Model Predicts U.S. Omicron Wave Will Crest by Next Week as U.K. Sees Case Decline

A model from the University of Washington predicts the U.S. Omicron wave will crest by next week as the U.K. sees a decline in cases.

The model projects that the number of daily reported cases in the U.S. will peak at 1.2 million by January 19 and will fall sharply afterward "simply because everybody who could be infected will be infected," said Ali Mokdad, a professor of health metrics sciences at the University of Washington in Seattle.

"It's going to come down as fast as it went up," said Mokdad.

The reason for the decrease is possibly because the Omicron variant is so contagious that it could be running out of people to infect only a month and a half after being initially detected in South Africa.

Britain's COVID case count decreased to around 140,000 a day in the last week after increasing to over 200,000 a day earlier this month, according to government data.

Kevin McConway, a retired professor of applied statistics at Britain's Open University, said that the COVID surge may have peaked in London, despite cases increasing elsewhere, like in southwest England and the West Midlands.

However, experts warn that there is still a lot unknown about how the next phase of the pandemic might proceed. The predicted decrease or plateauing in case numbers in the two countries is not occurring everywhere nor at the same pace. There are also still months and weeks ahead for patients and crowded hospitals even if the wave crests.

Omicron Surge, Crest, U.S., U.K.
Britain’s COVID case count decreased to around 140,000 a day in the last week after increasing to over 200,000 a day earlier this month, according to government data. Above, a man receives a nasal swab during a test for COVID-19 at a testing booth in New York on December 17, 2021. Ed Jones/AFP via Getty Images

"There are still a lot of people who will get infected as we descend the slope on the backside," said Lauren Ancel Meyers, director of the University of Texas COVID-19 Modeling Consortium, which predicts that reported cases will peak within the week.

The figures have raised hopes that the two countries are about to undergo something similar to what happened in South Africa, where in the span of about a month, the wave crested at record highs and then fell significantly.

"We are seeing a definite falling-off of cases in the U.K., but I'd like to see them fall much further before we know if what happened in South Africa will happen here," said Dr. Paul Hunter, a professor of medicine at Britain's University of East Anglia.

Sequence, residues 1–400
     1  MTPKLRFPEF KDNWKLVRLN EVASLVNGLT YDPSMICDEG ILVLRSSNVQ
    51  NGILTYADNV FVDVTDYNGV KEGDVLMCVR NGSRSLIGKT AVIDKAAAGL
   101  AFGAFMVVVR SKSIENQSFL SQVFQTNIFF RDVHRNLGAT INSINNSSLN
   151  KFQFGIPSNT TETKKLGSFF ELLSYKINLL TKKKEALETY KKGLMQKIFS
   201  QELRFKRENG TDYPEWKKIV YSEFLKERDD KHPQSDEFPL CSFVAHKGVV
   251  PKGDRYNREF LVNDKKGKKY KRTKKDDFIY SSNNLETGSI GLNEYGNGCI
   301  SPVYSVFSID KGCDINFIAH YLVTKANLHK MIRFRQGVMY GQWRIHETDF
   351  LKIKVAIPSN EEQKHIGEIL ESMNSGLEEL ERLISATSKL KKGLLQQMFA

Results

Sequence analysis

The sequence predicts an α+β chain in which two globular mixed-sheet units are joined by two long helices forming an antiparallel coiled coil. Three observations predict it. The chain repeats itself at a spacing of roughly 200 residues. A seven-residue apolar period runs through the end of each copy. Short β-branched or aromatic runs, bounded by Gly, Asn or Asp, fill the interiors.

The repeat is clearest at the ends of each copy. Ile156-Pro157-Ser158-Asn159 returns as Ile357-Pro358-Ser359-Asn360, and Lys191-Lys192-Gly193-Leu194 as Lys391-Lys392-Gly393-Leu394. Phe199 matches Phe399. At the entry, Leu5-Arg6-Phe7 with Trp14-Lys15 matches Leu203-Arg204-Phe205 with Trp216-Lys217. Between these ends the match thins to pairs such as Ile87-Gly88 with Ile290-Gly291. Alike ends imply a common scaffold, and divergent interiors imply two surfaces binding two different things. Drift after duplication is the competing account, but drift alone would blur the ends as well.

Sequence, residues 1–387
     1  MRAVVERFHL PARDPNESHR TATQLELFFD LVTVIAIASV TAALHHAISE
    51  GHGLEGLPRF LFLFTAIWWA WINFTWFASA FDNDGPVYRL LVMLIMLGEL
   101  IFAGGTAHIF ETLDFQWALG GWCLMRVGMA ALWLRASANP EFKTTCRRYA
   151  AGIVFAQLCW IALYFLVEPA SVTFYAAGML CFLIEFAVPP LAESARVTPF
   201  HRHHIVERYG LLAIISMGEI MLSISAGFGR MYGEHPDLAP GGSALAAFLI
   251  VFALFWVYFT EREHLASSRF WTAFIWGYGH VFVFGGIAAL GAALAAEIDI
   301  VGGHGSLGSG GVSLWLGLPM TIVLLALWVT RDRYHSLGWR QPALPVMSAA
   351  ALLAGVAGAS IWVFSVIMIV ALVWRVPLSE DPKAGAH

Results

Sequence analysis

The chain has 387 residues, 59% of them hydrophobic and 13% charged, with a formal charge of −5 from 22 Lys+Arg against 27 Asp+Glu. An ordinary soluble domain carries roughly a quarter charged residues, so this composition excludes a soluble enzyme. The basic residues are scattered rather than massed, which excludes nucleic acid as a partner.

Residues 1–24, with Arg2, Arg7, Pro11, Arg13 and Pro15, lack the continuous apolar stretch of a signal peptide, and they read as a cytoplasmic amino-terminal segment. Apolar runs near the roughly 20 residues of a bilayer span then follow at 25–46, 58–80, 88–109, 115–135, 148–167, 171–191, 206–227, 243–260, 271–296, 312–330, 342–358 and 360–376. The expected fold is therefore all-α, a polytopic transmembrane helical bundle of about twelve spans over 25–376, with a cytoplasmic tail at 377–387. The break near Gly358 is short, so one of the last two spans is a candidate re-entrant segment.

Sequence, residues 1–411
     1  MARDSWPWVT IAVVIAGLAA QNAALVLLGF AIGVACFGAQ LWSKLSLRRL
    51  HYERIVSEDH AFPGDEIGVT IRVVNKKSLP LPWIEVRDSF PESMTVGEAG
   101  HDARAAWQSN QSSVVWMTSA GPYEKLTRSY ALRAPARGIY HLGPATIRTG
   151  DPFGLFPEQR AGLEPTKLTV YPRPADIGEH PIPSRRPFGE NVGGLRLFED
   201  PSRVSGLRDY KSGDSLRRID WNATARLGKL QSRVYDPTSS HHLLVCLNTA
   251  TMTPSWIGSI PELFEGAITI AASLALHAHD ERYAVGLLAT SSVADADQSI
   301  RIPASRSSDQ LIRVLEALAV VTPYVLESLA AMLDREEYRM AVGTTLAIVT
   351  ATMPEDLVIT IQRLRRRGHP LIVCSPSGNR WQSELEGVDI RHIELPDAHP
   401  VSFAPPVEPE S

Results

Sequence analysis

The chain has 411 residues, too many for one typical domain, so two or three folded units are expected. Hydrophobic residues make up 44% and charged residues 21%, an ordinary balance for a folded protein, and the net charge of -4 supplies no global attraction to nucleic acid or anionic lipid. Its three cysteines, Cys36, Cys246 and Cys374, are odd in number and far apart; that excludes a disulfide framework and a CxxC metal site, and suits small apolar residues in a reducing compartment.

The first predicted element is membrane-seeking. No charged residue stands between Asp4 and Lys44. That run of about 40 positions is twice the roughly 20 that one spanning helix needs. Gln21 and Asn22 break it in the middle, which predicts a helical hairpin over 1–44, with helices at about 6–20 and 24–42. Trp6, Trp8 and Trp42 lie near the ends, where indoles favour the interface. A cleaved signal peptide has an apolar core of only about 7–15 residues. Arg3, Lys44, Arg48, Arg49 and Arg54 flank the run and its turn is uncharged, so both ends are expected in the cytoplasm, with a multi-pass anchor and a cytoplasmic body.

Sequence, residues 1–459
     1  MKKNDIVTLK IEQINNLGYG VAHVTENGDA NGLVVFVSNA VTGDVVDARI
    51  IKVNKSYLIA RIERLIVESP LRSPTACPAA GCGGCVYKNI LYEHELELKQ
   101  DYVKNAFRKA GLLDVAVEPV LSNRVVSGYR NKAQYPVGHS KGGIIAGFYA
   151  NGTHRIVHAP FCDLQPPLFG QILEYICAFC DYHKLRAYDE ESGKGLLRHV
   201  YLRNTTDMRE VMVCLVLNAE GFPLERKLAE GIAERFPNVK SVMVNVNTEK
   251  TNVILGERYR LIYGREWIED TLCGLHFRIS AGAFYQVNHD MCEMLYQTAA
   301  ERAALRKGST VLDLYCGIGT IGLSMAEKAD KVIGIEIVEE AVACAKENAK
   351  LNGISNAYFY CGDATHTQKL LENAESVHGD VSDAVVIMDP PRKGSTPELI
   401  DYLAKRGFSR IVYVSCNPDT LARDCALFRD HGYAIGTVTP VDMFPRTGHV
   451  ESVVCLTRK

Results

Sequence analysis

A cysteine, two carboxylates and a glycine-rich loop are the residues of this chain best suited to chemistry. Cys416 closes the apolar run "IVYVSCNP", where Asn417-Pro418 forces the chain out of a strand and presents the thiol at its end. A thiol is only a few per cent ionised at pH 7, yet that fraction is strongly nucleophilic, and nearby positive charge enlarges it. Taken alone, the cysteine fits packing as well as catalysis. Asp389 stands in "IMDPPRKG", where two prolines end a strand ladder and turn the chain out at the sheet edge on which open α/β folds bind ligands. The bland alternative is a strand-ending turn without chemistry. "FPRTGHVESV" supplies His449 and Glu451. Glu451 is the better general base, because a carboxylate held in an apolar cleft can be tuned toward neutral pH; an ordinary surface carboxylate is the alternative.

Differences between Britain and South Africa, including Britain's older population and the tendency of its people to spend more time indoors in the winter, could mean a bumpier outbreak for the country and other nations like it.

On the other hand, British authorities' decision to adopt minimal restrictions against Omicron could enable the virus to rip through the population and run its course much faster than it might in Western European countries that have imposed tougher COVID-19 controls, such as in France, Spain and Italy.

Shabir Madhi, dean of health sciences at South Africa's University of the Witwatersrand, said European countries that impose lockdowns won't necessarily come through the Omicron wave with fewer infections; the cases may just be spread out over a longer period of time.

On Tuesday, the World Health Organization said there have been 7 million new COVID-19 cases across Europe in the past week, calling it a "tidal wave sweeping across the region." WHO cited modeling from Mokdad's group that predicts half of Europe's population will be infected with Omicron within about eight weeks.

By that time, however, Hunter and others expect the world to be past the Omicron surge.

"There will probably be some ups and downs along the way, but I would hope that by Easter, we will be out of this," Hunter said.

Still, the sheer numbers of people infected could prove overwhelming to fragile health systems, said Dr. Prabhat Jha of the Centre for Global Health Research at St. Michael's Hospital in Toronto.

"The next few weeks are going to be brutal because in absolute numbers, there are so many people being infected that it will spill over into ICUs," Jha said.

Mokdad likewise warned, in the U.S., "It's going to be a tough two or three weeks. We have to make hard decisions to let certain essential workers continue working, knowing they could be infectious."

Omicron could one day be seen as a turning point in the pandemic, said Meyers, at the University of Texas. Immunity gained from all the new infections, along with new drugs and continued vaccination, could render the coronavirus something with which we can more easily coexist.

"At the end of this wave, far more people will have been infected by some variant of COVID," Meyers said. "At some point, we'll be able to draw a line—and Omicron may be that point—where we transition from what is a catastrophic global threat to something that's a much more manageable disease."

That's one plausible future, she said, but there is also the possibility of a new variant—one that is far worse than Omicron—arising.

The Associated Press contributed to this report.